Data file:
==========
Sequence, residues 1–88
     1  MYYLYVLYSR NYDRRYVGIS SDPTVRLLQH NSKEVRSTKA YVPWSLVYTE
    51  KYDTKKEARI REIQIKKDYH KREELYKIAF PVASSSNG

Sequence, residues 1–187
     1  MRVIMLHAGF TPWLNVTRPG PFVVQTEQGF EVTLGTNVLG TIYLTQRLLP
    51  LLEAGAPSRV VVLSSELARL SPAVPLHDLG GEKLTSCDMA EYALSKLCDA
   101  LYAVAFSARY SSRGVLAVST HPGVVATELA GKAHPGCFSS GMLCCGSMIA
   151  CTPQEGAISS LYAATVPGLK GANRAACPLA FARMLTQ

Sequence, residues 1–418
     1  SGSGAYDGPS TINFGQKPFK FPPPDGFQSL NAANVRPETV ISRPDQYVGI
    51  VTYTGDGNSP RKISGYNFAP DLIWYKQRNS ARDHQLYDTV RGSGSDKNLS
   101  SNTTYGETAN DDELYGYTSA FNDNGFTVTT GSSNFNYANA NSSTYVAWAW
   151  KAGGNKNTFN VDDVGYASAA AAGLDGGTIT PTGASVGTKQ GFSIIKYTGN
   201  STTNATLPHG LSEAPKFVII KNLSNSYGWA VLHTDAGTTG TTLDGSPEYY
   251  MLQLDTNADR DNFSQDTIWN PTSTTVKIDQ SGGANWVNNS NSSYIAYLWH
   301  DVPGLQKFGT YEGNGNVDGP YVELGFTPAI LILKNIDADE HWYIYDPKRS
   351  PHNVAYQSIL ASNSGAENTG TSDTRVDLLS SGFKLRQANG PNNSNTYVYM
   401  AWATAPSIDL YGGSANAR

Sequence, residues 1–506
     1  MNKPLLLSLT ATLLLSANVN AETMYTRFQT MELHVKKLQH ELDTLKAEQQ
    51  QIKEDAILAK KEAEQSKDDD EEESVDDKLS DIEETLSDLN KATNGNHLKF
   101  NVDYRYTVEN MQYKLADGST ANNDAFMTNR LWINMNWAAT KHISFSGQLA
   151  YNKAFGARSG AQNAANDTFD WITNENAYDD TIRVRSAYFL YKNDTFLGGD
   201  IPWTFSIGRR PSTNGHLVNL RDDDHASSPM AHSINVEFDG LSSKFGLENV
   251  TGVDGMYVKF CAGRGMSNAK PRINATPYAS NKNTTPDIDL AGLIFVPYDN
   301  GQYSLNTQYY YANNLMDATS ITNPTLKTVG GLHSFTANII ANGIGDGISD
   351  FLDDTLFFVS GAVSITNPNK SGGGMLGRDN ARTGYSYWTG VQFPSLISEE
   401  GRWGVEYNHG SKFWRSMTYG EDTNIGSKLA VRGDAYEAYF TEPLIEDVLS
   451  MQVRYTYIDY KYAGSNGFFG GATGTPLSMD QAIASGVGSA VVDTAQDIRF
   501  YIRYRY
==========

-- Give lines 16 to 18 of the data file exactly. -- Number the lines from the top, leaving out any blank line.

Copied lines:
   301  DVPGLQKFGT YEGNGNVDGP YVELGFTPAI LILKNIDADE HWYIYDPKRS
   351  PHNVAYQSIL ASNSGAENTG TSDTRVDLLS SGFKLRQANG PNNSNTYVYM
   401  AWATAPSIDL YGGSANAR